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BEYOND THE JUMPER… ‘Footy was consuming my identity;’ how Frankston midfielder Gus Styles has found the optimal life balance

Footy has always been an outlet for Frankston midfielder Gus Styles. A hobby. Never has the former Swans rookie wanted his legacy to be defined by footy, nor has footy been his foremost priority. That’s why his name being read out as pick 15 at the 2017 rookie draft came as such a surprise.

‘It was really great, but I definitely wasn’t expecting it… I lived with the fact that I didn’t do everything I could footy wise in my top age year. When I was at training, I’d give my all, but I didn’t do any extras,’ Gus Styles told Frankston Dolphins Media. He was especially surprised to have been picked up by the Swans.

‘I spoke to them for about 15 minutes before the draft. I got passed on the national draft, and (I was told) one of the list managers from Sydney was going to give me a call each day leading into the rookie draft.’ They didn’t.

Certain he wouldn’t be drafted, he decided to wash away his disappointment by venturing to Byron Bay. Schoolies. Unbeknownst to him, he would be catching a plane back from Byron Bay little more than 24 hours later an AFL footballer.

For all of 2017, study took precedent. He obtained five study scores over 40(/50) to put him in the top echelon of students in the state. School was the main motivator for Styles in year 12. He loved it as he looked to set up a future in teaching.

He ended up spending a year on Sydney’s rookie list in 2018 and surprised even himself with the improvement he made. As well as working on his cleanliness and tackle pressure, he enjoyed the marginal gains such as dealing with mismatches and learning some basic martial arts.

‘Everyone [at Sydney] wants you to get better which really helps. I also spent a bit of time with Jarrad McVeigh; he took me under his wing and if he’d pull me up or had a criticism of me, I’d listen to him. He commanded such respect around the club.’

Despite progressive inroads being made on the footy field, he noticed what was once his outlet on weekends had become a job and he needed a release. One he didn’t have.

‘Living away from home, I struggled a fair bit. I did myself a disservice because I was very closed minded and serious. I needed to figure out how to find an outlet because footy was consuming my identity.’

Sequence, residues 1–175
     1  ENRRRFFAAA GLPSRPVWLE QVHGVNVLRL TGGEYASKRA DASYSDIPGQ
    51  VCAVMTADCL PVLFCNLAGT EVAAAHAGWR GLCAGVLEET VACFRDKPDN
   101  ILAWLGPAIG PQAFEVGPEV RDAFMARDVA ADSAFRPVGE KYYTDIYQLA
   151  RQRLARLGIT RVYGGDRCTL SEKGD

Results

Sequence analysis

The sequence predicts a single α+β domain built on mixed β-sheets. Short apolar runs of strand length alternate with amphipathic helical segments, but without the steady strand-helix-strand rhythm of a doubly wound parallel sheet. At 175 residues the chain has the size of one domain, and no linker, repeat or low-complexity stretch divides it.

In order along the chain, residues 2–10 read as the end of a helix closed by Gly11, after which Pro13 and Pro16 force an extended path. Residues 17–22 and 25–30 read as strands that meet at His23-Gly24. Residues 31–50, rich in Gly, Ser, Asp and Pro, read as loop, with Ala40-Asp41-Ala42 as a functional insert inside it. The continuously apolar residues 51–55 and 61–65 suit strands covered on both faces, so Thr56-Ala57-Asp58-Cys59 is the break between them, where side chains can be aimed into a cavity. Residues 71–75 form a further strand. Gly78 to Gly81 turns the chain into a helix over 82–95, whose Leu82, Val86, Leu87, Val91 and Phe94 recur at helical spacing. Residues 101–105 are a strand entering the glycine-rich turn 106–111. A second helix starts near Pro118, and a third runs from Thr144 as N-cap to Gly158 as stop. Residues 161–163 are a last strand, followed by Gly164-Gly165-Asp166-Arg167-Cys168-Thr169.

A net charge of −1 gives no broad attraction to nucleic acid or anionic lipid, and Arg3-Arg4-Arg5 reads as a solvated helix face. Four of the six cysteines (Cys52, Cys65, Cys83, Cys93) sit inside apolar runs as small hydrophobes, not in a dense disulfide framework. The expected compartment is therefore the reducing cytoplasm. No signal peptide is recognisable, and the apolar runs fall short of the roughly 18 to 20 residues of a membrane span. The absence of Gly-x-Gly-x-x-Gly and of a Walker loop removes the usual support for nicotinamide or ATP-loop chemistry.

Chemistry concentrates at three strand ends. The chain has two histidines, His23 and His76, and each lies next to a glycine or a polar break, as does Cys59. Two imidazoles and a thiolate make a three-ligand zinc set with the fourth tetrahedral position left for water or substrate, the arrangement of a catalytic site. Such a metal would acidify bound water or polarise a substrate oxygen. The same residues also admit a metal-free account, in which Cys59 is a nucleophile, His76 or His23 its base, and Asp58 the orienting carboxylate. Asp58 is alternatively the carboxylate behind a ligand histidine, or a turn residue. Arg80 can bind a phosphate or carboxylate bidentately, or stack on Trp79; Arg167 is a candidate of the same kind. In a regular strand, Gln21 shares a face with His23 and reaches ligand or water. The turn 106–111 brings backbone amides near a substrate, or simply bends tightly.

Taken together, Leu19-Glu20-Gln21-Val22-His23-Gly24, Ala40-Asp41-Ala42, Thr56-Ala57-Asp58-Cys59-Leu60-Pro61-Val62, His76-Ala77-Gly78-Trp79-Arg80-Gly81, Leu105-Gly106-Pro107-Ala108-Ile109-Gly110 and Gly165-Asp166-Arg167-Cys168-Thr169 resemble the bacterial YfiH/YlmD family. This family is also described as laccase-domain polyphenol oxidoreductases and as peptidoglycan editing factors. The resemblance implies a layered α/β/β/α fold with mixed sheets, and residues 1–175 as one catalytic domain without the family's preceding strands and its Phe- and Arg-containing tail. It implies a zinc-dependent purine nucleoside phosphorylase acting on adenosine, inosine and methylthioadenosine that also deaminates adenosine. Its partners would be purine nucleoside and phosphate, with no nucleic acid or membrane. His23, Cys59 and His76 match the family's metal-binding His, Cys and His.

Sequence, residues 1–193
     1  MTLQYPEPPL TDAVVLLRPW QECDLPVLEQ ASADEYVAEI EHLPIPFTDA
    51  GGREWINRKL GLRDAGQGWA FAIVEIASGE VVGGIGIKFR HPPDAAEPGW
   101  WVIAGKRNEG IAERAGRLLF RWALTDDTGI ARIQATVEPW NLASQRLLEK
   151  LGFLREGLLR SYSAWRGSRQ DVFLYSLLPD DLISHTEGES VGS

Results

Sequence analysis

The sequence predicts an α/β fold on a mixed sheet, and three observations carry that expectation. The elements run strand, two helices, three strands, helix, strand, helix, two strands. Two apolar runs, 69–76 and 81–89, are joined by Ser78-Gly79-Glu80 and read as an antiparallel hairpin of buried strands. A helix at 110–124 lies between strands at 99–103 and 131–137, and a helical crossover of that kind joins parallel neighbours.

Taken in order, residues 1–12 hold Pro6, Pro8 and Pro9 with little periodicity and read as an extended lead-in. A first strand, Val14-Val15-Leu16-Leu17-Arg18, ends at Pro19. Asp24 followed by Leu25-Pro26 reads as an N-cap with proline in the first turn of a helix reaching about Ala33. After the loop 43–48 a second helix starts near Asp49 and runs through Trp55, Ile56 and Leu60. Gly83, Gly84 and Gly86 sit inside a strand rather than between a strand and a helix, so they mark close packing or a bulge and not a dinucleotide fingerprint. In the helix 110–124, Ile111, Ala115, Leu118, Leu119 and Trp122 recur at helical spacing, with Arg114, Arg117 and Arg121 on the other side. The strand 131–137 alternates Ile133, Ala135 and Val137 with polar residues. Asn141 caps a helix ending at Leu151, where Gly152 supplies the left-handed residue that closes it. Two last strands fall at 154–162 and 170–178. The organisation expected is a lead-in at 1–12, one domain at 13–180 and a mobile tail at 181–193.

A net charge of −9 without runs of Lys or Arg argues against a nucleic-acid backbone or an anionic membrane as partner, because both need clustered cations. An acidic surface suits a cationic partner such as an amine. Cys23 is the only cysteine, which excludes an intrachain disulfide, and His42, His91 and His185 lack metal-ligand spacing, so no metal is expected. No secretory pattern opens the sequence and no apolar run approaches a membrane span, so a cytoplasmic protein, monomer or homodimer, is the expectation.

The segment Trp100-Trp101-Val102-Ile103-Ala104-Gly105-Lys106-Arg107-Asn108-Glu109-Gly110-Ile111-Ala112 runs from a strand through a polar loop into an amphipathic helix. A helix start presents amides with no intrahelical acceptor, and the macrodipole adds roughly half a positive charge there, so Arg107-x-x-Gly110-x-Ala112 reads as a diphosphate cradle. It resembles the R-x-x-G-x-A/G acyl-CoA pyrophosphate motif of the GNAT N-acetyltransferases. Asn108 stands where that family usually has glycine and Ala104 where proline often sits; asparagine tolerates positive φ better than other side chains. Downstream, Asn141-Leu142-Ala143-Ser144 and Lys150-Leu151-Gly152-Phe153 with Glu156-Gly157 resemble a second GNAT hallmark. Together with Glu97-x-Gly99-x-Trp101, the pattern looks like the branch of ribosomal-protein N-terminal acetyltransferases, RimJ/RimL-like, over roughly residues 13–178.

Through the hardships, Styles kept returning to the mantra that he got paid to stay fit and healthy, disciplines that will help him his post-football. But while he benefited physically, the emotional toll was equally damaging.

The twenty-year-old tried attending University and partaking in a school mentor role. He stops short of calling them outlets though. His mind was constantly occupied by the need to get a contract extension.

‘It wasn’t a healthy mind-set, but I thought in order to get the best out of myself, I had to completely devote myself to football.’

The most emotionally difficult time for Styles was being delisted, after just one year.

‘It’s always tough to hear that you’re not good enough but I think the thing that helped me most was just accepting it…because I think I was getting a little bit burned out, I needed time to reflect and see where I was at. I look back at it and I absolutely understand why I was delisted.’

‘I was at a stage where I was wondering if I wanted this to be my life. I was wondering whether I was the right kind of person to be in the position to play AFL because I overthink everything.’

An overseas holiday where the former Swans rookie could escape and gather his thoughts was an essential part of transitioning out of the professional footy environment.

With the support of family, he has been able to reintegrate into old friendship groups, gain stable employment working at a local café and he’s started his long anticipated teaching degree. And then there’s footy.

‘I’m really happy with where I’m at even if I’m not shooting the lights out on the footy field,’ the Frankston midfielder quips, who is noncommittal about having the desire to return to the AFL.

‘I definitely wouldn’t rule it out. I’m not sure at the moment because I’m enjoying the balance that I’ve got now. I’ve got all this other stuff in my life that I enjoy.’

Article by Jonty Ralphsmith / Photo’s by Diggle Photography
Dolphins Digital Media Team

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